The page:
Mr. Lewis: I shall make some progress and then give way to the hon. Gentleman. Major progress has been made in Northamptonshire. All Northamptonshire patients are able to see a GP or a nurse for a routine appointment within 48 hours; Northamptonshire practices achieved an average of 960.1 quality points out of a possible 1,000 in the quality and outcomes framework, and 74 per cent. of the population aged 65 and above have been vaccinated for influenza. Across Northamptonshire, all practices have open lists and are accepting new patients—the hon. Gentleman disputes that—and several practices employ highly skilled nurse practitioners who provide a range of services from the management of long-term conditions to diagnosis and treatment of minor ailments.

The performance of the health service in the hon. Gentleman’s constituency has advanced massively in the past 10 years. He will not like my saying this, but a significant reason for that is the near tripling of investment in the NHS that the Government chose to make. The NHS had been starved of resources in the previous 20 years, which meant that the baseline of NHS funding was a scandal when compared with other countries around the world.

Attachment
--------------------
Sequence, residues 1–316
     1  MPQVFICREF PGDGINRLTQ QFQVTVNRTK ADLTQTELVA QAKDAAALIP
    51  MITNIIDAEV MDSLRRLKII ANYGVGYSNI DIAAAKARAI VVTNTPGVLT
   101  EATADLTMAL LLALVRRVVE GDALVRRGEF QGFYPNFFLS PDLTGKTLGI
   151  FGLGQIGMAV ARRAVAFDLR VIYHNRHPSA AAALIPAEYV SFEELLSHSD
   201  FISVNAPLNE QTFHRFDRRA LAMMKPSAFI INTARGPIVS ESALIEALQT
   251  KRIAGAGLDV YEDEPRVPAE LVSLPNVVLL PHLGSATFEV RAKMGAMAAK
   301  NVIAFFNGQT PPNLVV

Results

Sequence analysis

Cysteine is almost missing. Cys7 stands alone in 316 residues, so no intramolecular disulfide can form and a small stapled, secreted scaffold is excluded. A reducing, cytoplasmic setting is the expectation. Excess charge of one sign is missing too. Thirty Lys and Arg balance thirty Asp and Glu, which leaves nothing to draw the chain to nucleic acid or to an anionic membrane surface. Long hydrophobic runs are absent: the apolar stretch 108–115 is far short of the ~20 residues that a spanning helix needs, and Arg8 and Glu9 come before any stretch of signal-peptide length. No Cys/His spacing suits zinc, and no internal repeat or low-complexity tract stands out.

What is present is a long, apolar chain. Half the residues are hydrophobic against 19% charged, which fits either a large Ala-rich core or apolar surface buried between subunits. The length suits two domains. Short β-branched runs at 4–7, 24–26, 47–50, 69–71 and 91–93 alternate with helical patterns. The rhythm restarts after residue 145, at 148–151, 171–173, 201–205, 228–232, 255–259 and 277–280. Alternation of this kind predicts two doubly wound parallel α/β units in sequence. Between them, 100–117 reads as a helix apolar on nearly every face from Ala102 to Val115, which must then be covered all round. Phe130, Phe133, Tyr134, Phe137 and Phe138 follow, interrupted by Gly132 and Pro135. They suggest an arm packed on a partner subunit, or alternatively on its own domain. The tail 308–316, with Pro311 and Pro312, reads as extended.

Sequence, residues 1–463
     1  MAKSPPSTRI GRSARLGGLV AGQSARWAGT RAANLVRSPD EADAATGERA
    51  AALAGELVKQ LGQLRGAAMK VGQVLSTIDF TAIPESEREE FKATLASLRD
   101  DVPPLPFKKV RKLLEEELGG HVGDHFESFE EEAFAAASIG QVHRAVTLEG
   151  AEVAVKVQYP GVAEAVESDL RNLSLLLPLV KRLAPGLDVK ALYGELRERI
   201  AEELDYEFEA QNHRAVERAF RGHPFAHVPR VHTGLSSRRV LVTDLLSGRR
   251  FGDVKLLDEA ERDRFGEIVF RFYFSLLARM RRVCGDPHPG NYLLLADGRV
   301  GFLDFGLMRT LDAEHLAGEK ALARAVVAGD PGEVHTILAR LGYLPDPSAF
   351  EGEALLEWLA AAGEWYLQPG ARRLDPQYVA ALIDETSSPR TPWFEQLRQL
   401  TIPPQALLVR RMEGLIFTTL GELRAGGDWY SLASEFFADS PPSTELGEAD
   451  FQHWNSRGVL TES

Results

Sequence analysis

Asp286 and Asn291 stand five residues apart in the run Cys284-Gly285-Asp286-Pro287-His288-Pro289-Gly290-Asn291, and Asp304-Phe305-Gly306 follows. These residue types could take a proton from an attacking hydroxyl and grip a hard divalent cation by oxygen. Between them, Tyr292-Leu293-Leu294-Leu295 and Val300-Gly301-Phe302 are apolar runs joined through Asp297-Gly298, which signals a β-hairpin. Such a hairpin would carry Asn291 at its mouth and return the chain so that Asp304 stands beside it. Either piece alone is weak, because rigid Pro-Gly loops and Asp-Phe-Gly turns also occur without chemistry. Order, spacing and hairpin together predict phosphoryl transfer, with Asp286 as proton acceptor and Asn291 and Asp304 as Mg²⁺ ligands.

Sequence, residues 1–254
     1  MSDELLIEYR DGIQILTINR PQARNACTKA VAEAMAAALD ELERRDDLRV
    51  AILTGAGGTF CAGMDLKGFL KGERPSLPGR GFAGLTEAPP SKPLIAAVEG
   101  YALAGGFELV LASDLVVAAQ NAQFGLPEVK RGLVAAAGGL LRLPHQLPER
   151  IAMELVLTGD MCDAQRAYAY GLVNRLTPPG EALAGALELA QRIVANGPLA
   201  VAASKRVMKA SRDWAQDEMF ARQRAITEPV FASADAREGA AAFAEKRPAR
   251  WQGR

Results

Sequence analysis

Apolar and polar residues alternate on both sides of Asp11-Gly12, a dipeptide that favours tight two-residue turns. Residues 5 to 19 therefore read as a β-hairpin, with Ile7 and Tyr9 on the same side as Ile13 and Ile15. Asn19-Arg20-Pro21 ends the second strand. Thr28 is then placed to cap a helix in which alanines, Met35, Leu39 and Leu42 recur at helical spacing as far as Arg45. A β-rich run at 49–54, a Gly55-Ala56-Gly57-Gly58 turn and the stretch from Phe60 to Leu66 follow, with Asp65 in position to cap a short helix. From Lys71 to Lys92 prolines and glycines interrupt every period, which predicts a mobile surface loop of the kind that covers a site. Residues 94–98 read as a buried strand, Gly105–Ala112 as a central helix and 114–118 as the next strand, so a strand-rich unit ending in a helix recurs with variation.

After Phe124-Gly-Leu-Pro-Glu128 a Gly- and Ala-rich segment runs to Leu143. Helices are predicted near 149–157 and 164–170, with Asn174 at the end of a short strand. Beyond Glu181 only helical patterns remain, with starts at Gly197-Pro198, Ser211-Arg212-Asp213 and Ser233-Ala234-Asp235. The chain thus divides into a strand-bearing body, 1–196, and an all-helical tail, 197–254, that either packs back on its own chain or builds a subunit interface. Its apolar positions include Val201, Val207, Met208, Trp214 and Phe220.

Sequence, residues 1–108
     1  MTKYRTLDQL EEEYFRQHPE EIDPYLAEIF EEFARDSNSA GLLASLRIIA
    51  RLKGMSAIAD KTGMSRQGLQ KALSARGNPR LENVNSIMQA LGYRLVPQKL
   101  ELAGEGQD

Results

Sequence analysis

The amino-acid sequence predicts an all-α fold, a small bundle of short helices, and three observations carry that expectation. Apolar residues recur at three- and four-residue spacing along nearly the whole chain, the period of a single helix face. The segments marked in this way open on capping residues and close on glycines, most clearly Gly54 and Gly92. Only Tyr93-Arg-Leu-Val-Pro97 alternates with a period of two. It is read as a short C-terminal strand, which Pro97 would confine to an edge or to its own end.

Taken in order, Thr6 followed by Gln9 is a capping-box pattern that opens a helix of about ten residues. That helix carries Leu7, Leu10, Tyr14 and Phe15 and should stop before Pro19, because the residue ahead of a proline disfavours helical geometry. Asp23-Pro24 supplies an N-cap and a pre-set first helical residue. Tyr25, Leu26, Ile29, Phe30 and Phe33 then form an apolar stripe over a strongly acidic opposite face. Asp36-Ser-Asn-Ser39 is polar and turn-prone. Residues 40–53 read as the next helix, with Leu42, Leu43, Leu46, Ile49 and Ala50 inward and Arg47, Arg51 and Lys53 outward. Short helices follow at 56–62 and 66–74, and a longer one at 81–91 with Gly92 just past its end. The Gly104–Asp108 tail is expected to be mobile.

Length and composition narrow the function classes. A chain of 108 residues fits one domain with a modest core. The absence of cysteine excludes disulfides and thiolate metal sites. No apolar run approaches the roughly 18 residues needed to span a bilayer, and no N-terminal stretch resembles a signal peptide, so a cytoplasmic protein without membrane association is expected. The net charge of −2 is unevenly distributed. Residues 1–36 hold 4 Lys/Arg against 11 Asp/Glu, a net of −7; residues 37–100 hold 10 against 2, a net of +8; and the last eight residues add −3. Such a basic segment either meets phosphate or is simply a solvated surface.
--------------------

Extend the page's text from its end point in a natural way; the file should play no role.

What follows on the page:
The hon. Gentleman is right about growth. The Northamptonshire PCT received growth area adjustment in its 2006-08 revenue allocation to take account of the demographic issues that he properly raised.

Mr. Bone: Will the Minister give way?

Mr. Lewis: I will give way in a moment. I shall provide some recent information, which is not made up, about what is happening in the hon. Gentleman’s health economy area. Six large extensions opened in 2007—three in Northampton, two in Corby and one in